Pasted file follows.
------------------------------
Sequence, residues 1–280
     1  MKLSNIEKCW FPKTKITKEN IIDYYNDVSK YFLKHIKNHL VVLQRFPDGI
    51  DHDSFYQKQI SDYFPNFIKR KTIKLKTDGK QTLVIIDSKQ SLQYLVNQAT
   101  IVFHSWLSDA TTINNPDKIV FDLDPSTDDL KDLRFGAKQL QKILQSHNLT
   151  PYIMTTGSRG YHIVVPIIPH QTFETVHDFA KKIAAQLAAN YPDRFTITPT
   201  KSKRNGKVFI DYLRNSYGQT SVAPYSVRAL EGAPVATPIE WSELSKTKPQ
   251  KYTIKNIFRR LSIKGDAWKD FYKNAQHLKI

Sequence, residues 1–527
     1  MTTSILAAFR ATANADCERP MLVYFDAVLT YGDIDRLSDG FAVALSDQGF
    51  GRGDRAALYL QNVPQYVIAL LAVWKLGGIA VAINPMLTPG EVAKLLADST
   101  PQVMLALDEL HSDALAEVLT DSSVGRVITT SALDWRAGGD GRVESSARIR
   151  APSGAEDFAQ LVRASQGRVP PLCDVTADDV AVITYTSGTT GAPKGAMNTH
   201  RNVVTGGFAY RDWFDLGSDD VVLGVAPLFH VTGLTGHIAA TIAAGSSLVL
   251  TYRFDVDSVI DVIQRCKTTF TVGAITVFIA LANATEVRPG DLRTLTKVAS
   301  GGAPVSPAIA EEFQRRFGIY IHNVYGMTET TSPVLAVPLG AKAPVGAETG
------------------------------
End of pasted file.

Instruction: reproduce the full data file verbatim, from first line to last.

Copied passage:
Sequence, residues 1–280
     1  MKLSNIEKCW FPKTKITKEN IIDYYNDVSK YFLKHIKNHL VVLQRFPDGI
    51  DHDSFYQKQI SDYFPNFIKR KTIKLKTDGK QTLVIIDSKQ SLQYLVNQAT
   101  IVFHSWLSDA TTINNPDKIV FDLDPSTDDL KDLRFGAKQL QKILQSHNLT
   151  PYIMTTGSRG YHIVVPIIPH QTFETVHDFA KKIAAQLAAN YPDRFTITPT
   201  KSKRNGKVFI DYLRNSYGQT SVAPYSVRAL EGAPVATPIE WSELSKTKPQ
   251  KYTIKNIFRR LSIKGDAWKD FYKNAQHLKI

Sequence, residues 1–527
     1  MTTSILAAFR ATANADCERP MLVYFDAVLT YGDIDRLSDG FAVALSDQGF
    51  GRGDRAALYL QNVPQYVIAL LAVWKLGGIA VAINPMLTPG EVAKLLADST
   101  PQVMLALDEL HSDALAEVLT DSSVGRVITT SALDWRAGGD GRVESSARIR
   151  APSGAEDFAQ LVRASQGRVP PLCDVTADDV AVITYTSGTT GAPKGAMNTH
   201  RNVVTGGFAY RDWFDLGSDD VVLGVAPLFH VTGLTGHIAA TIAAGSSLVL
   251  TYRFDVDSVI DVIQRCKTTF TVGAITVFIA LANATEVRPG DLRTLTKVAS
   301  GGAPVSPAIA EEFQRRFGIY IHNVYGMTET TSPVLAVPLG AKAPVGAETG